I’ll share something terrible with you. Sometimes, in what I guess is a dark corner of my heart, I think to myself that Dad died when I was 15, and he and I did everything together. He would often praise me and was affectionate. Even though they divorced when I was two years old and only seeing Dad every other weekend and six weeks in summer, my relationship with Dad was filled with such love, joy, comfort and a sense of well-being. Mom is not affectionate. She doesn’t even say good night, just disappears. Well, let me amend that. She says good night to my son.
Anyway, sometimes I wonder if I had to lose a parent, ‘why my dad who loved me?’ I feel terrible even thinking it. I told you it was bad.
It’s not me wishing my mom passed away instead of my dad. It’s me missing Dad, and it’s me wishing Mom could be proud of me. It’s really a little girl wanting her momma’s love, I guess.
What the heck does any of this have to do with Bipolar? Mostly, that I want to share that though it hurts, I put the pain to good use. I am certain to shower my son in even more love. I am sure to constantly tell him he’s done a good job, and we always joke and laugh with one another. We hug good night and pray for each other. He too has Bipolar and we help lift the other when we’re down low.
Plus, it’s my blog. I can write what I want…LOL! No, seriously, sometimes it’s good for us, healthy even, to vent.
So, am I squeezing lemons into lemonade, here? Am I endeavoring to be a better mom because I feel I don’t have a mother that communicates with me? A mom that doesn’t love me? Yes, perhaps I am doing just that.
And you know what, I like lemonade. A lot.
(Image credit: cartoondealer)
“In struggling against anguish one never produces serenity; the struggle against anguish only produces new forms of anguish.” ~ Simone Weil
(Accurate description of anxiety felt with Bipolar Disorder, in my humble opinion and experience.)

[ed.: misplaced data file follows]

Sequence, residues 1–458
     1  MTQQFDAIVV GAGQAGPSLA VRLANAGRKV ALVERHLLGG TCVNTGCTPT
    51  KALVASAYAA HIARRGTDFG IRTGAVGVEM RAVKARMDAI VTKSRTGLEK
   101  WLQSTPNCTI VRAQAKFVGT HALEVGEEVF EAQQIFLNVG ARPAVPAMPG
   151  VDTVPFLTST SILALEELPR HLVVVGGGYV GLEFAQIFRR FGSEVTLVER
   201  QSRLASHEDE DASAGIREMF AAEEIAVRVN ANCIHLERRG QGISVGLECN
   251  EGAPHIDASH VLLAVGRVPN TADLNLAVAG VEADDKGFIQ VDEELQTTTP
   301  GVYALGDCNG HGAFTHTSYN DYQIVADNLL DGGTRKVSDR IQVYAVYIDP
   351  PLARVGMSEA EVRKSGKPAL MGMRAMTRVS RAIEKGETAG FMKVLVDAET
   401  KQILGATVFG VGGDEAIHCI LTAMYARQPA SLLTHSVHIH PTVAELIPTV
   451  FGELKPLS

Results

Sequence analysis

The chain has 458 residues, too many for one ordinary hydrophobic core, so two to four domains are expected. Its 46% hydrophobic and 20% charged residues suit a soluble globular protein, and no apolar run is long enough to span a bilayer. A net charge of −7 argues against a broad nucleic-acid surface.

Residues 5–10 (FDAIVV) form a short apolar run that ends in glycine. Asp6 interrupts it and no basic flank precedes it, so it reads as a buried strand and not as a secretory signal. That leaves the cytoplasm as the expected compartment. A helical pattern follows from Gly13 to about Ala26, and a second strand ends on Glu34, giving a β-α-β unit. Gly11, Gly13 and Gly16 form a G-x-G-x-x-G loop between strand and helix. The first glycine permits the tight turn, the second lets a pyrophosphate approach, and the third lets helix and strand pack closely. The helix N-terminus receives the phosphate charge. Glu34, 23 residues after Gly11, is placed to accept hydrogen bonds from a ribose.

Here’s a thing about my Bipolar. Sometimes “difficult” times are beyond difficult, beyond dark. They are black. Though it’s not popular to say in most crowds, sometimes I would like to disappear in that blackness, that dark secret release, wash away in the current of a beautifully obscure river.
Just fade to black.
So instead, I’ve gotta cry. Find a different release for the time being.
Cries because of stress-induced migraines, sick with a virus for almost two weeks, not knowing where I’m going to be living, sleeping for a while and then nothing at all for days, chronic-physical pain that often makes me think I cannot go an inch further…not one step further…not one moment further.
The river. The black. The peace. The quiet, save the gentle sloshing of the water. All on hold.
I am not yet going home. I cry. I sob. I wail. I scream into the pillow. I beat that pillow when I see every single thing wrong splattered across that fluff.
Eventually, I feel better. I know it will come, even during the bad times, which is why I float, but do not allow myself to drown.
There is help.
There is love. There is kindness. There is empathy. There are those who care. There are those who have been where you are right now. Just reach out. Just talk. Just believe you are important. Just believe you have the right to be happy. Just know you make others happy.
Just know you matter.